The former shopping center in Kirkcaldy is to be demolished to make way for a large housing estate that could house hundreds of people in the town centre.
And it could be the catalyst to attract more investors and developers to transform the heart of Lang Toun.
The first major step came last week when councilors gave the green light to support redevelopment after reaching a provisional agreement with owner Tahir Ali who bought it for £320,000.
He renamed it Kirkcaldy Center and set out to revive its fortunes as a shopping centre, but the consequences of the lockdown saw it stand empty. It was recently boarded up and bricked up after being searched repeatedly.
Five school pupils moved out as major work begins to create more space
Talks with the local authority have been ongoing for some time to sort out the council’s long-term lease of the car park above the old Tesco, and the future of the building.
In step one, it will be demolished. Stage two will see the empty site offered to a developer – and that Ali and the council hope will lead to a complete transformation of the landscape with up to 300 flats built, linked by green walkways designed to encourage pedestrian movement to and from High Street and with landscaped public spaces.
To get to this stage, Ali has had to buy up a number of properties over the past two years, including the buildings that house New Look and the former Debenhams – both of which operate under Hill Street and will be directly affected by the demolition.
He said: “No one could have predicted how radically the world would change within a year of buying The Postings in 2019.
“Although we had a number of exciting deals in the pipeline with an independent supermarket chain and state-of-the-art cinema operation in the former Tesco unit, the pandemic brought these plans to an abrupt end.
“Rethinking the future of the center made us rethink the site with a new approach.
“Covid taught me the need to remain dynamic and flexible with property projects, and that agility, together with the support of Fife Council and local councillors, has enabled us to radically rethink the proposal.”
He hopes the development will spark further investment as investors take a fresh look at the town centre.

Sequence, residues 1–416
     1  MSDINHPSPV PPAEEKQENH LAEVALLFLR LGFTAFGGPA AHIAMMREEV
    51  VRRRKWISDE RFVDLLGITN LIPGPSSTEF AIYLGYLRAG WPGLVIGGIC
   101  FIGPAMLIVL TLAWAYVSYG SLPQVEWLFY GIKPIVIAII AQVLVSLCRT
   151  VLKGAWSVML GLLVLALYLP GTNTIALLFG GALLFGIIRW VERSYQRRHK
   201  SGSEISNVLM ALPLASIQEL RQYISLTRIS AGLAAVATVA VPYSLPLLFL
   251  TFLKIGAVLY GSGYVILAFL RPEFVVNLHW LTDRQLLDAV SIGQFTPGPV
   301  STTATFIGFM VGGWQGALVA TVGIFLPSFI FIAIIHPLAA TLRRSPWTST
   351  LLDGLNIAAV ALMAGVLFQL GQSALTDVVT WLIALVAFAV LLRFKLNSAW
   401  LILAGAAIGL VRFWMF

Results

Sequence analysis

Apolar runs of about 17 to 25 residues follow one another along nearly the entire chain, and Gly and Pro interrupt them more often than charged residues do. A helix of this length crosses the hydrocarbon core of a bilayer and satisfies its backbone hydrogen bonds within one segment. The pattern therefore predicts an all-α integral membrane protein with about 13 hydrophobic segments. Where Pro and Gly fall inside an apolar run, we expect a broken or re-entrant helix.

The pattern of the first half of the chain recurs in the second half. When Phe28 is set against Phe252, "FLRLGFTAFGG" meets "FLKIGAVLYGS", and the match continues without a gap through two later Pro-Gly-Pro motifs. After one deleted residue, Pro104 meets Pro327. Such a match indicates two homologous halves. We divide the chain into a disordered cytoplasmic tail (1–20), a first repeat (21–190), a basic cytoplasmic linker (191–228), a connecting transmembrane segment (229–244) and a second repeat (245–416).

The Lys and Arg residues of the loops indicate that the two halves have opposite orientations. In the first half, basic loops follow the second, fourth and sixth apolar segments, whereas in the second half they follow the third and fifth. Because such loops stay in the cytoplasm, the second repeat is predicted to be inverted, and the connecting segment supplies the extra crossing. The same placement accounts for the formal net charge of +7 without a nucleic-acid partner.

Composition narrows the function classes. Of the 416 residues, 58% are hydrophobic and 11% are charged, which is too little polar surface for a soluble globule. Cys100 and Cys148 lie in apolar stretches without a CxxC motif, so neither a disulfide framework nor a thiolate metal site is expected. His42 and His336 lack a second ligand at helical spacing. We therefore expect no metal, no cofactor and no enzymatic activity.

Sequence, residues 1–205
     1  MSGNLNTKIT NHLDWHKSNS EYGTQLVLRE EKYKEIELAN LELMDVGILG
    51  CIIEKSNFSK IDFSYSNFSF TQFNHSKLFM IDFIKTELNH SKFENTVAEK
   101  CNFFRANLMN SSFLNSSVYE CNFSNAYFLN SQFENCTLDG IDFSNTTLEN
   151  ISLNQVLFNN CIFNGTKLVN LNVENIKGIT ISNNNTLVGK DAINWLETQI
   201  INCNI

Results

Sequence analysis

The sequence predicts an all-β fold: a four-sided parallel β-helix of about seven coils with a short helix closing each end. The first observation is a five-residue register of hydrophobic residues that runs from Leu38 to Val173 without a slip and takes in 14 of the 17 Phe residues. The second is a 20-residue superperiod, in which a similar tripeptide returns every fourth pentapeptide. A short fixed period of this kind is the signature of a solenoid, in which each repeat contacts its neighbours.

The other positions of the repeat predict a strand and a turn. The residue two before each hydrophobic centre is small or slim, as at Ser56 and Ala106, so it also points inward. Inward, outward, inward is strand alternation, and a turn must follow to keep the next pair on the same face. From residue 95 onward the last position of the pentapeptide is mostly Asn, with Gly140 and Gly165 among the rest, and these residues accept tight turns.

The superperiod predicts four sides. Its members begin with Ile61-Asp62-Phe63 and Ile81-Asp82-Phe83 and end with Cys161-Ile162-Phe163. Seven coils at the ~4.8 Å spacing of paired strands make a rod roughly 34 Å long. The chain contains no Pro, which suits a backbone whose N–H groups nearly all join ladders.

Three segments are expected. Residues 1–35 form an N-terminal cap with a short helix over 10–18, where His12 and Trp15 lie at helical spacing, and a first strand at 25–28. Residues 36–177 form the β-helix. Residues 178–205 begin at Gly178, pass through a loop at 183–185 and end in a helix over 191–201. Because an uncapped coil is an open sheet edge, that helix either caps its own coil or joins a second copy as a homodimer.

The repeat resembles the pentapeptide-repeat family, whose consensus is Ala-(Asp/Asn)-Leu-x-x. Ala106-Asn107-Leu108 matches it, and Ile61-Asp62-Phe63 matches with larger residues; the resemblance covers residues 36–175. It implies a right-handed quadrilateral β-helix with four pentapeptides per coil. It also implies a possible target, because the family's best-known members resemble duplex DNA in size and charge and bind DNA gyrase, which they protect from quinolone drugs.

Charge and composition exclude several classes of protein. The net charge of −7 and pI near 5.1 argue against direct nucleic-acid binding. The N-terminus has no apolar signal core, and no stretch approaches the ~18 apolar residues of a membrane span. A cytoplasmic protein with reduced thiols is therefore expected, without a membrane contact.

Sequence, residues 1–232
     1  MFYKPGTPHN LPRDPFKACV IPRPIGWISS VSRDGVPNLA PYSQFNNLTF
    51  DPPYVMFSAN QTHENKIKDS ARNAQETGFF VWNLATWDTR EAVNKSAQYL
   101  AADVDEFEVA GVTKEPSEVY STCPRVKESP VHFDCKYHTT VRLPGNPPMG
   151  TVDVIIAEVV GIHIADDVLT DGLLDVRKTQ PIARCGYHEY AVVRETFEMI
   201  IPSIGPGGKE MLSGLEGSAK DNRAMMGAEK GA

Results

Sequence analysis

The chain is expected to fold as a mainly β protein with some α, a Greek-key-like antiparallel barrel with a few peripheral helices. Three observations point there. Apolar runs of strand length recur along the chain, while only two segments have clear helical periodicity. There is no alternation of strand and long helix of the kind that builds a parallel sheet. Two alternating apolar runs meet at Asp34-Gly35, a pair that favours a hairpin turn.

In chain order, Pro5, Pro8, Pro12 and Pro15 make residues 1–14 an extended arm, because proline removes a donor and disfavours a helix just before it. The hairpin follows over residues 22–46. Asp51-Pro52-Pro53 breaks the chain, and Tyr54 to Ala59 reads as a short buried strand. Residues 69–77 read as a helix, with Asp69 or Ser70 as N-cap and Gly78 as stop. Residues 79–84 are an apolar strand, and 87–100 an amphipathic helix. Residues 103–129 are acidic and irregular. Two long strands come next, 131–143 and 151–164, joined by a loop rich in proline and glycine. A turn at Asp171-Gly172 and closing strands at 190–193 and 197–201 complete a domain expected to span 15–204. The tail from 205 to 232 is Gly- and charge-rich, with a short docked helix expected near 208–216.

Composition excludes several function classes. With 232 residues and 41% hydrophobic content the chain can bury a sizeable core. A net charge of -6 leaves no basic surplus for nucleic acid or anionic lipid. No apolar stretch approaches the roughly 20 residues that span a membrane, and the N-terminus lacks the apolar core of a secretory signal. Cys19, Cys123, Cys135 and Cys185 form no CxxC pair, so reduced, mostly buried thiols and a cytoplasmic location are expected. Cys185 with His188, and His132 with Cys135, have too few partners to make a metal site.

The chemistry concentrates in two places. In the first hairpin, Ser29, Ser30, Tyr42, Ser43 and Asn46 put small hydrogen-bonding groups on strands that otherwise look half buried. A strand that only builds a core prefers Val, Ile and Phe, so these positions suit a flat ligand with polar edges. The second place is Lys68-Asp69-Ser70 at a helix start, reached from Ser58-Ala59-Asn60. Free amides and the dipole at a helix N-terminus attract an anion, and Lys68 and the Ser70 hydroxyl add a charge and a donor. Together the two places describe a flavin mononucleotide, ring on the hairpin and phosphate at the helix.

He said: “Together with ongoing development along the picturesque Esplanade and Merchants Quarter in Kirkcaldy town centre, our redevelopment in the heart of Kirkcaldy should help attract other investors to develop their own plans for restaurants, more national chains, cinemas, hotels and other potential .development that will help revitalize and renew the town center and attract more people back to the area as a place to live, work and play.”
The ambitious plans have been hailed as a game-changing moment.
Councilor Alistair Cameron, who has worked with Ali since he arrived in the town three-and-a-half years ago, welcomed the development.
“On the back of this I’m sure we’ll get more interest in the High Street from investors, and that’s what we want,” he said.
“It tells investors that the city is alive and kicking, and a really positive place that the tops have come to.” He also paid tribute to the officers – including Ken Gourlay, Ronnie Hair and Michael O’Gorman – who have worked for months to help bring the deal to fruition.
Cllr Cameron added: “We have a lot of waterside development and the Adam Smith Theatre, but we need something on the High Street to hang our hats on and this gives us that opportunity.”
Mr Ali hopes things will move quickly – work could begin early next year to demolish the 40-year-old shopping center that once buzzed with activity.
He has worked closely with Greg Limb of Ryden on the regeneration program for over two years.
Ryden has advised on the best way forward for the project and managed interest already expressed in the redevelopment proposals.
Councilor Ian Cameron, who chairs the Kirkcaldy Area Committee, welcomed the news.
He said: “The investment in the secondments makes financial sense for Fife Council, but it also says a few things about the city.
“It tells local people that we are serious about our town center strategy to improve the city’s aesthetics and be a more attractive place to visit, work and live.
“Although the site becomes a public space it will improve the area, but with the right housing development the increase in footfall will go a long way to meeting the deficit created when Tesco left Postings.”
Councilor Altany Craik, spokesperson for finance, economy and strategic planning, announced the deal to demolish the shopping centre: “This is fantastic news for Kirkcaldy. The shopping center is now 40 years old and has declined in recent years.
“Despite the Kirkcaldy Center being bought over in 2019, a rebranding and efforts to market the vacant units, the remaining owners have left, and the center is now completely vacant and has been closed by the owner.
“By demolishing and clearing this site it presents a fantastic opportunity for redevelopment which could provide a very welcome boost to the local economy.
“It also complements the rest of the regeneration work going on in the city center and helps reduce the number of derelict buildings in the city.
“I look forward to seeing this great place come back to life.”
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